You will have some of the same requirements I’ve listed and many more. Just keep in mind that even when you think you have thoroughly checked out a potential curriculum, once you get it home, it just might not be what you need or want. That’s what homeschool swap boards are for.

Wednesday, November 12, 2014

A Solid Foundation

Learning to read involves practice, practice, and more practice. A healthy blend of phonics and sight words lays a good solid foundation for learning to read. Playing short vowel games helps kids understand those sounds that can be hard for some kids to master. If your child is a right-brained visual learner, then you might want to consider online flash animation games, charts, graphs, use of colors…to stimulate them.

Let your child read into a recorder so they can hear themselves. Have them practice by reading to a younger sibling, their pet, or a stuffed animal or doll. Create language experience stories with your child. Help them write the stories down. Encourage them to practice reading those stories. Have one night every month or so where your child reads a short story to the whole family.
Just keep practicing, practicing, and practicing!

Tuesday, October 21, 2014


I know you have explained what syllables are to your first grader. So what are they? According to, a syllable is an uninterrupted segment of speech consisting of a vowel sound, a diphthong, or a syllabic consonant, with or without preceding or following consonant sounds: “Eye,” “sty,” “act,” and “should” are English words of one syllable. “Eyelet,” “stifle,” “enact,” and “shouldn't” are two-syllable words.

Breaking words into syllables helps kids decode words. It is one component of phonological awareness. Students gain the ability to hear phonemes that comprise words and to explore speech sounds as syllables. Students who have well-developed phonological skills generally learn to read with more success. Kids can “clap” syllables, put their hand over their mouth and see how many times their mouth opens, or play other syllable games.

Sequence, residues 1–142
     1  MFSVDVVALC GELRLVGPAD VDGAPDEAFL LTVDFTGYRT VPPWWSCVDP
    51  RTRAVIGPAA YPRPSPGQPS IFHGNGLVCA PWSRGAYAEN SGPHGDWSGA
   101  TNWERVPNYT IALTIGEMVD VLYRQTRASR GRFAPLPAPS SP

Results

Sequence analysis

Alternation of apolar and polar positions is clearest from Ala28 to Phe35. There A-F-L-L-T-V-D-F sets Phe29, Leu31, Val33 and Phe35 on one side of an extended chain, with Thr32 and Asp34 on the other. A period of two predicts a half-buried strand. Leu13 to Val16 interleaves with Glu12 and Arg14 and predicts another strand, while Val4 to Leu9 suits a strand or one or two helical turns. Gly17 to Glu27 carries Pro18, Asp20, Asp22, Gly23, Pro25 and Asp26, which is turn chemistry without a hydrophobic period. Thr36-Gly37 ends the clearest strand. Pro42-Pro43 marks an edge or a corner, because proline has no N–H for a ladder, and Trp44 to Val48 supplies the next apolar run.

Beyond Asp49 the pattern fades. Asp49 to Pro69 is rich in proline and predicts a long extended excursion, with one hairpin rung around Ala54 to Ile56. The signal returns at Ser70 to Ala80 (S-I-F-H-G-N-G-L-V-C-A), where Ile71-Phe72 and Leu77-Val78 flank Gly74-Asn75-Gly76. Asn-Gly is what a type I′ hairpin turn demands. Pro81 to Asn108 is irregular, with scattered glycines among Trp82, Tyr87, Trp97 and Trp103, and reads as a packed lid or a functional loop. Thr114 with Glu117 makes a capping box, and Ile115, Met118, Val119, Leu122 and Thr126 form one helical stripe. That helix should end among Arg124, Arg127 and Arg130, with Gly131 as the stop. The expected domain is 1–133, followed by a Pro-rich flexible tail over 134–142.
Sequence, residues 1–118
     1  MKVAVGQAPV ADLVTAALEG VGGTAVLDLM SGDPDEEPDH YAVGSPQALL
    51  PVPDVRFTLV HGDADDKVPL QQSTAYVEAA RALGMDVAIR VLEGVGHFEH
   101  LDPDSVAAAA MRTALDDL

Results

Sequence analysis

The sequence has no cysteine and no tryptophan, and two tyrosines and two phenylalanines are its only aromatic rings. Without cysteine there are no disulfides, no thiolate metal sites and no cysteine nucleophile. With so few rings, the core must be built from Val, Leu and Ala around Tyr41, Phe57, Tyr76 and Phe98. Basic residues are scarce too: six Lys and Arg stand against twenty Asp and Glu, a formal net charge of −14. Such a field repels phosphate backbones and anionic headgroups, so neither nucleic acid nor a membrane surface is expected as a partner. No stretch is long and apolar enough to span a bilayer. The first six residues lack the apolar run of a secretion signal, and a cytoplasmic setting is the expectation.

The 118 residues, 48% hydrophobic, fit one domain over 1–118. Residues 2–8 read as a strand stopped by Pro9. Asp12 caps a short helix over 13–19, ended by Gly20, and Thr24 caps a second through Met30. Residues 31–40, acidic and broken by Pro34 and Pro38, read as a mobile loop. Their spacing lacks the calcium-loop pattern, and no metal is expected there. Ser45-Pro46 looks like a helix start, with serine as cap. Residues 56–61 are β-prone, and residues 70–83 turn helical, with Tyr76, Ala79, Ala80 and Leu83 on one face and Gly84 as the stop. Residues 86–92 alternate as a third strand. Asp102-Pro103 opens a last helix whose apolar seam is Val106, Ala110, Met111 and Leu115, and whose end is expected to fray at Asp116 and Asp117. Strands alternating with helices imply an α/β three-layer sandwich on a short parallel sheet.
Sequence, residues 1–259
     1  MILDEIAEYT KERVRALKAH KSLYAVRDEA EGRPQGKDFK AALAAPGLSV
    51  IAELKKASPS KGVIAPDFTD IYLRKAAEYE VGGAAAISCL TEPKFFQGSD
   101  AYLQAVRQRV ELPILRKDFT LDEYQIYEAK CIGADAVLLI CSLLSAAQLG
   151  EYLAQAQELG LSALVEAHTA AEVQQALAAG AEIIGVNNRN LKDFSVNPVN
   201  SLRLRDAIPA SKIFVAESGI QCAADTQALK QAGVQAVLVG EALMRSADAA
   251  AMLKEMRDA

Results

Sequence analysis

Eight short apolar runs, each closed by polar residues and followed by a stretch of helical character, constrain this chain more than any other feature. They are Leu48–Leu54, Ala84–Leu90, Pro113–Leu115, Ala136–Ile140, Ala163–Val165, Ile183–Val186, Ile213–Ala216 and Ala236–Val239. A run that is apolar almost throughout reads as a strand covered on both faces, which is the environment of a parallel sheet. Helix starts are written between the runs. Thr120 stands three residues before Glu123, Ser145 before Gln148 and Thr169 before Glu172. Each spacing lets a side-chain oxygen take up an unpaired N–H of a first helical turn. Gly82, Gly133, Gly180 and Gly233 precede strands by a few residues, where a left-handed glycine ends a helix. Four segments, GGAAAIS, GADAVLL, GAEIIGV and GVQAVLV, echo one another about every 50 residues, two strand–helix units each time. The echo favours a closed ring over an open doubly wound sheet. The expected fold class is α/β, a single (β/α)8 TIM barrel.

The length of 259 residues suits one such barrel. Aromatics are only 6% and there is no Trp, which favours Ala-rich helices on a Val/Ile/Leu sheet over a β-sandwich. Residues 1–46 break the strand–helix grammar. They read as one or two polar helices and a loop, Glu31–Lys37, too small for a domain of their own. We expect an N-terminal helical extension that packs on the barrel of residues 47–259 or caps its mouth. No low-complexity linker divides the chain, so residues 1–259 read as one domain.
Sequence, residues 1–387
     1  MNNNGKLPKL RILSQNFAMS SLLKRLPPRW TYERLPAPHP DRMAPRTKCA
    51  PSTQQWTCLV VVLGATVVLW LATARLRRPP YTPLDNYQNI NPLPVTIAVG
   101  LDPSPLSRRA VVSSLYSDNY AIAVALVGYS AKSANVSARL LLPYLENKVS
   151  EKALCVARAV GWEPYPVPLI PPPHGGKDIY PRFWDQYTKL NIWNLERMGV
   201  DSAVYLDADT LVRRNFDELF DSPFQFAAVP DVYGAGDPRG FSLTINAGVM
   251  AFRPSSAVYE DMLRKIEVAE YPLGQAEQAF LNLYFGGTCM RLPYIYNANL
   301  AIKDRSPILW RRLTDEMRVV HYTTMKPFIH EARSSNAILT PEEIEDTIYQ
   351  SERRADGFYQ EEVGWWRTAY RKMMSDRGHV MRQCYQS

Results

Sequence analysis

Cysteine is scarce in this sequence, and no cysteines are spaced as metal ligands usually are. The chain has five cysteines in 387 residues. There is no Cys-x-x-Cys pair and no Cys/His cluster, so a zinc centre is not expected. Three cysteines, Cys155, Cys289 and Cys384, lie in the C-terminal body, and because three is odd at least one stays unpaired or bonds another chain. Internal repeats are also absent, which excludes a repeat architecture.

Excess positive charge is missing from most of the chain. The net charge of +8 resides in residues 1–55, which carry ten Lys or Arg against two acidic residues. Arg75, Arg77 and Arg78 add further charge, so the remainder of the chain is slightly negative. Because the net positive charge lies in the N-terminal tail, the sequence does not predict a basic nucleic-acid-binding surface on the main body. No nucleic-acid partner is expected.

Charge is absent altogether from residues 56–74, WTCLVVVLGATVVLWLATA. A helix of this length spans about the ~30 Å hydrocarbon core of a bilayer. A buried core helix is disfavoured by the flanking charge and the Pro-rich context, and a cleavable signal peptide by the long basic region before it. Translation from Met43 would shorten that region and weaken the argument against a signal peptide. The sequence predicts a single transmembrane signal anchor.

Wednesday, September 24, 2014

A Rainbow of Gifts and Talents

Homeschoolers comes in a rainbow of gifts and talents. Some are gifted mathematicians, some hate math. Some take hours to complete a lesson and others zip right through them. Some need remedial help. Some have physical challenges. Some are gung ho and some are burned out. Some are sweet all day and others need a nap twice a day. Despite their gifts and talents or lack thereof, all are unique and precious. They just want to know you believe in them.

Special needs learning represents a great many homeschoolers. Parents who homeschool their special needs child feel they can give their child more attention and a better quality education because they have their child’s best interest at heart. They understand their child’s needs. They know their child can achieve whatever they set their mind to. They sound like every other homeschool child to to achieve whatever they set their mind to. Isn’t it wonderful that kids can be taught in an atmosphere where the sky's the limit. They are nurtured and expected to achieve, so they do, regardless of their special education needs or their academic giftedness.